Article Highlight | 8-Feb-2023

Heralding the era of 'Cost-effective Electric Car'

Revealed cause of the reduced lifespan of manganese-based cathode materials, and expensive nickel is expected to be replaced, Battery strategy with improved lifespan by 62% with electrode-electrolyte interface stabilization technology

National Research Council of Science & Technology

Currently, most cathode materials used in batteries for electric vehicles are layered oxides composed of nickel for over 60% of the transition metals. Using nickel-rich layered oxide is advantageous in securing the mileage of an electric vehicle due to its high energy density, but its usage is limited by instability in the supply and demand of nickel raw materials. As an alternative, researchers focused on spinel cathode materials that use manganese as the main element, considering manganese is traded at a price of about 1/17 of nickel in the international spot market; however, the rapid decline in lifespan was an obstacle to commercialization.

The Korea Institute of Science and Technology (KIST, President Seok Jin Yoon) announced that Dr. Jihyun Hong's research team at the Energy Materials Research Center identified the cause of the rapid decline in life span-a chronic problem of high-capacity manganese-based spinel cathode materials. This team worked on significantly increasing the possibility of commercializing lithium batteries with manganese cathode materials as next-generation electric vehicle batteries.

Manganese-based spinel cathode materials can theoretically store energy with a high density comparable to nickel-based commercial cathode materials. Considering the price of metal raw materials, the energy density per price for manganese-based spinel cathode could reach 2.8 times that of nickel-based cathodes. However, when using the battery at full capacity, a rapid decrease in lifespan is observed; as a result, practically only approximately 75% of the theoretical value could be stored. It has been established that the trivalent manganese (Mn3+) formed during the charging and discharging process of manganese-based spinel cathode materials distorts the crystal structure of the material, leading to the elution of manganese into the electrolyte and eventually causing a reduction in the lifespan of the cathode material. As a result, most research has focused on suppressing the formation of trivalent manganese.

Contrary to mainstream academic theories, Dr. Hong's team at KIST (first author: student researcher Gukhyun Lim) recently discovered that cathode materials exhibit excellent lifespan characteristics even when trivalent manganese is formed if the operating voltage range of the battery is adjusted. The research team utilized advanced material characterization techniques, including synchrotron radiation techniques, to interpret the phenomena that existing theories cannot explain. Through the thorough analyses, for the first time, it was identified that the side reaction at the interface between the cathode material and electrolyte during the repeated charging and discharging process is the cause of lifespan reduction.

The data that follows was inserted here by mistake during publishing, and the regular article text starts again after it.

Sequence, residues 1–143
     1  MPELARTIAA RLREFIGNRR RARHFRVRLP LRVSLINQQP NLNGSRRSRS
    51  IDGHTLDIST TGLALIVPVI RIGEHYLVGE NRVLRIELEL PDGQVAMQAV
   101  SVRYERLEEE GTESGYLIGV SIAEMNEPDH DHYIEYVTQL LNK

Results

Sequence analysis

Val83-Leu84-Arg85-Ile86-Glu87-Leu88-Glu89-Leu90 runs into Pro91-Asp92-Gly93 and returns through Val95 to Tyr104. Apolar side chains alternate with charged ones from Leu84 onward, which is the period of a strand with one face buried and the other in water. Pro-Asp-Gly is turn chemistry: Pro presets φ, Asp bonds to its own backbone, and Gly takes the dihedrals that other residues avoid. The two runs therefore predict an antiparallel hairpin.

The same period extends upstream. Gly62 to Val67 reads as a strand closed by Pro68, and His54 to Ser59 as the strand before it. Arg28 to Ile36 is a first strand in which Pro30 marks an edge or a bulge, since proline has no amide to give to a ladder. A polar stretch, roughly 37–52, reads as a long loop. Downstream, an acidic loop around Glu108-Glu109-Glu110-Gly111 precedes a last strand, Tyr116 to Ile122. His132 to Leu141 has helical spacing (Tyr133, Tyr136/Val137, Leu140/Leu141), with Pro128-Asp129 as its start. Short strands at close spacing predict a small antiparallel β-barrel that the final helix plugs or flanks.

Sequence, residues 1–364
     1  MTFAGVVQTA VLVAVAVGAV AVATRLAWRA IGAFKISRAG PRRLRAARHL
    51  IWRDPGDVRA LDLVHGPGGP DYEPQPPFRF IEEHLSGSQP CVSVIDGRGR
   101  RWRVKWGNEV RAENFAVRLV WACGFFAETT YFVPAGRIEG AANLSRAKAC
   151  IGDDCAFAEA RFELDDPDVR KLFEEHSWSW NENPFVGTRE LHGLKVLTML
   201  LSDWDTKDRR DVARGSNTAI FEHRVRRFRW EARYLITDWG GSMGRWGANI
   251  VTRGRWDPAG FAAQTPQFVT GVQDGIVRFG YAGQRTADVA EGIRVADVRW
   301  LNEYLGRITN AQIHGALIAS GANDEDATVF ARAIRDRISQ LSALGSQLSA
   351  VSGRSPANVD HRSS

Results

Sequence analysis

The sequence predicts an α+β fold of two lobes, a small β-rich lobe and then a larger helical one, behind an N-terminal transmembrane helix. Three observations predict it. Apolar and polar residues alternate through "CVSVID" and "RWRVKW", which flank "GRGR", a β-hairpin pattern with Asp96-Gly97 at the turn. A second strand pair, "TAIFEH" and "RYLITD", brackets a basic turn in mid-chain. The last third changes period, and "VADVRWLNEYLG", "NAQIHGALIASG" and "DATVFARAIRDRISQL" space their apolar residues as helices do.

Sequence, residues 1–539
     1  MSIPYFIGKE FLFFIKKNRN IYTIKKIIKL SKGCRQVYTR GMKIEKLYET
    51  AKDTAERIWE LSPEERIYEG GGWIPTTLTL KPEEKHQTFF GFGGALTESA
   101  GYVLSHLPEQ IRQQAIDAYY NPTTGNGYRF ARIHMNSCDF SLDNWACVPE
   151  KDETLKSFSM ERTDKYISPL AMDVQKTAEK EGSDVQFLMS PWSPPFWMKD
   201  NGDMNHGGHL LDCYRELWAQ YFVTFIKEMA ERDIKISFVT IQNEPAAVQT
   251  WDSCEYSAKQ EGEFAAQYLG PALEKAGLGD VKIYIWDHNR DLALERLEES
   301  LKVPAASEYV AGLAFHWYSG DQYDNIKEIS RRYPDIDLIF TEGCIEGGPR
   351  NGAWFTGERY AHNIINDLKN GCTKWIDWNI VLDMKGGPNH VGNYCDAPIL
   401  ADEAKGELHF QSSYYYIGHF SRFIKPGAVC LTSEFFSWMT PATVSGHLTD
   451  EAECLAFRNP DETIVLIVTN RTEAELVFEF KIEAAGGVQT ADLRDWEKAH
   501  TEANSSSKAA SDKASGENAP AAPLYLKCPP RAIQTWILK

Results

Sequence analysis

The research team further presented a key strategy to dramatically improve the lifespan of manganese-based materials by stabilizing the cathode-electrolyte interface. As an example of this strategy, introducing an EC-free electrolyte resulted in a 62% improvement in lifespan compared to commercial electrolytes. This improvement results in the highest capacity retention and rate capability among the performances of manganese-based spinel cathode materials simultaneously using nickel and manganese redox reactions reported so far.

Dr. Hong of KIST said, "Through this research, KIST presented a new methodology for commercializing manganese-based high-energy cathode materials, which will be a catalyst for the expansion of electric vehicles." He also mentioned, "If academia and industry focus on applying the interface stabilization technology of nickel-based cathode materials, which has accumulated a lot of capabilities, to manganese-based next-generation cathode materials, we expect that Korean companies in the automobile industry could maintain a higher level of competitiveness in the future."



KIST was established in 1966 as the first government-funded research institute in Korea. KIST now strives to solve national and social challenges and secure growth engines through leading and innovative research. For more information, please visit KIST’s website at

This research was conducted under major KIST projects and Individual Research program (excellent young researcher, mid-career researcher) of the National Research Foundation of Korea with the support of the Ministry of Science and ICT (Minister Jong-ho Lee), with the research results selected as the full front cover page paper of 'Advanced Energy Materials' (IF: 29.698, top 2.464% in the JCR field), a world-renowned journal in the field of energy materials.부수적 정보 기술


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